We continue to see quite a bit of Pierce’s disease (PD) in our vineyards this year, to include our northern Georgia sites. I am convinced that bacterial titer drives this disease, and bacterial levels in the plant are determined by the vectors (type and number of sharpshooters involved), winter temperatures, and possible alternative hosts. I visited a Lomanto site last week near the Florida line, and though this grape cultivar is reported as being tolerant of PD, most vines were showing significant symptoms; of five samples taken, all were positive for PD. I believe tolerance is relative to the location for some cultivars, and though we have never seen PD in west Georgia or the Athens/Atlanta area with Lomanto, the vector pressure farther south may just be too great. This has been reported in southern Mississippi as well. We continue to learn, but the school of hard knocks is not fun.

Vinifera grapes can grow in the northern part of the state, but with warmer winters, the disease increases. We are having warmer winters. In Tiger, GA (~2000 ft or higher elevation), we had 8 days below 15.1 F in the winter of 2008-2009 and 11 days below 15.1 F in the winter of 2009-2010. Over the last three winters, we have had 1 day at Tiger (cumulative across all three winters) below 15.1 F, which is a critical temperature for PD curing in Vinifera vines. This year, we have observed significant PD in Tiger vineyards.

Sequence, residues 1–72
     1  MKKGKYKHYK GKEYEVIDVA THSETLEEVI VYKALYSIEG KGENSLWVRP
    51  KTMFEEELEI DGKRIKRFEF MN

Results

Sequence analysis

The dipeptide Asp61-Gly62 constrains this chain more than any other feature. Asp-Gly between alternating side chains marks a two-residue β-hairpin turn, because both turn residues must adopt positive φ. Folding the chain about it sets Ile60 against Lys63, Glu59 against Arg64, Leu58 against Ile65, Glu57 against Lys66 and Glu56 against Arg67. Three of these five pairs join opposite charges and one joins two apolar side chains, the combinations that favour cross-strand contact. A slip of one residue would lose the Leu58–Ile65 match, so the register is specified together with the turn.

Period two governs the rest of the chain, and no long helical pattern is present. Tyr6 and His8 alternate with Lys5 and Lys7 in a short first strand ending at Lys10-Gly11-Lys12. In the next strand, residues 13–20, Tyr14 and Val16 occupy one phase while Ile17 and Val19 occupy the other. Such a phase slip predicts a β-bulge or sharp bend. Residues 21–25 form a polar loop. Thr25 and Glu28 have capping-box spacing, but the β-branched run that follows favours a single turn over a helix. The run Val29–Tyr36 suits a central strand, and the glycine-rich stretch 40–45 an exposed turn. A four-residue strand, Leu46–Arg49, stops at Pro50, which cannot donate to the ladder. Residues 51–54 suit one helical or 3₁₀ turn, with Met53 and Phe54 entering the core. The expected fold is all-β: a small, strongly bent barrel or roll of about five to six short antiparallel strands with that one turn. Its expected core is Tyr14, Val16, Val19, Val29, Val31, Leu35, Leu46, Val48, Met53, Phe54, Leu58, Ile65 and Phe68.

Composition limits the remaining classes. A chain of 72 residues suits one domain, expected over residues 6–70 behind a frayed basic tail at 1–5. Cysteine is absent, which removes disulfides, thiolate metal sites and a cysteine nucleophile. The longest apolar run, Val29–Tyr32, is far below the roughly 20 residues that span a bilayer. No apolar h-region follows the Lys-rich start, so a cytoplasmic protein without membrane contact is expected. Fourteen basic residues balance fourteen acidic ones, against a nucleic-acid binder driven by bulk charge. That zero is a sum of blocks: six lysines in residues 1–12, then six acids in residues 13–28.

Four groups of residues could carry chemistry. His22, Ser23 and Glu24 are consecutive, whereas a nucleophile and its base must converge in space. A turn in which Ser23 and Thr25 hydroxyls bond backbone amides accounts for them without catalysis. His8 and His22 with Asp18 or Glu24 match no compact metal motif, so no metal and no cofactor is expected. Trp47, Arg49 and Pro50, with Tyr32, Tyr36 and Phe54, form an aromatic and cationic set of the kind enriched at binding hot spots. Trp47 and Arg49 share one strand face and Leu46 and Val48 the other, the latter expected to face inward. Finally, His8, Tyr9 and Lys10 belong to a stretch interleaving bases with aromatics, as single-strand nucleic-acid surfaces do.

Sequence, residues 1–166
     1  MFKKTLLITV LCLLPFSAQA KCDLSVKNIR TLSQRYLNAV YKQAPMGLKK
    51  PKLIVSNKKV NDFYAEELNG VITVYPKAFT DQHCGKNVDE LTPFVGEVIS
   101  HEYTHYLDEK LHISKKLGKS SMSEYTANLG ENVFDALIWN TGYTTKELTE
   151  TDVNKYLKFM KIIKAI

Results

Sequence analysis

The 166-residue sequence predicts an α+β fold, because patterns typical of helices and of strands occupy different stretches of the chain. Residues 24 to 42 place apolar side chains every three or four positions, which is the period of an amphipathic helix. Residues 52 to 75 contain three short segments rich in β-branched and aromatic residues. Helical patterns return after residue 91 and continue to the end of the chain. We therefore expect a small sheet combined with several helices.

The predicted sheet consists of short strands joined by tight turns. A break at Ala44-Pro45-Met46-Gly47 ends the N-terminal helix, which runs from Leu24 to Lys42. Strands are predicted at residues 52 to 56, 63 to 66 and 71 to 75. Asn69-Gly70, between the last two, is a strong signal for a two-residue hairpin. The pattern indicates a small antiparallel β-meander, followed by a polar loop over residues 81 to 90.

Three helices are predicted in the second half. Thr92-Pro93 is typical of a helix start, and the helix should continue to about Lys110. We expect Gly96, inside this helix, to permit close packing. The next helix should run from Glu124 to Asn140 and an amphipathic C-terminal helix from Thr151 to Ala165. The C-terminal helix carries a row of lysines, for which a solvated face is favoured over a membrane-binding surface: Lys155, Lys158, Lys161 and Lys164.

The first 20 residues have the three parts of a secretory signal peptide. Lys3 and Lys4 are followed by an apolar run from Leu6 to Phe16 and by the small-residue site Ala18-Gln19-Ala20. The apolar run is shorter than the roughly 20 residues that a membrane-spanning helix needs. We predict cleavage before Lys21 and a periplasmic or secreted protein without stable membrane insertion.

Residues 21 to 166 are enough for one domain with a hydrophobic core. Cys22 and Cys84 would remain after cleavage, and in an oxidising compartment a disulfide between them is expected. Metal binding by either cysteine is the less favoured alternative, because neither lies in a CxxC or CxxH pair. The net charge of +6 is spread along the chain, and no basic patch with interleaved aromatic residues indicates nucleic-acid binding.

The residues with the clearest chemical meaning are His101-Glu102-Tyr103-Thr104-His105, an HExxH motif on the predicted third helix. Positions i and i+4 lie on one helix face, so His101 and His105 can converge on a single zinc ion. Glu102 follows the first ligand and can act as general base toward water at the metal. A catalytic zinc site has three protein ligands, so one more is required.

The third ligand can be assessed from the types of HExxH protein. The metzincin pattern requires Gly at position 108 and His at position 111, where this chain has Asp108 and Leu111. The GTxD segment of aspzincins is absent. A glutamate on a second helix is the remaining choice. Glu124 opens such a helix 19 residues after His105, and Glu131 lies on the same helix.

Where PD is observed, the immediate destruction of infected plants and control of vectors is critical. We really need to consider using applications of imidacloprid insecticides applied to the soil through irrigation. Foliar sprays are helpful, but the irrigation route is best for efficacy. I am attaching a great resource from Texas. Not all of this will apply to Georgia, but you can learn quite a bit by reviewing this resource. I hope it will be helpful. If you have questions concerning PD or its identification or management, please contact your local county agent. They are more than willing to help.

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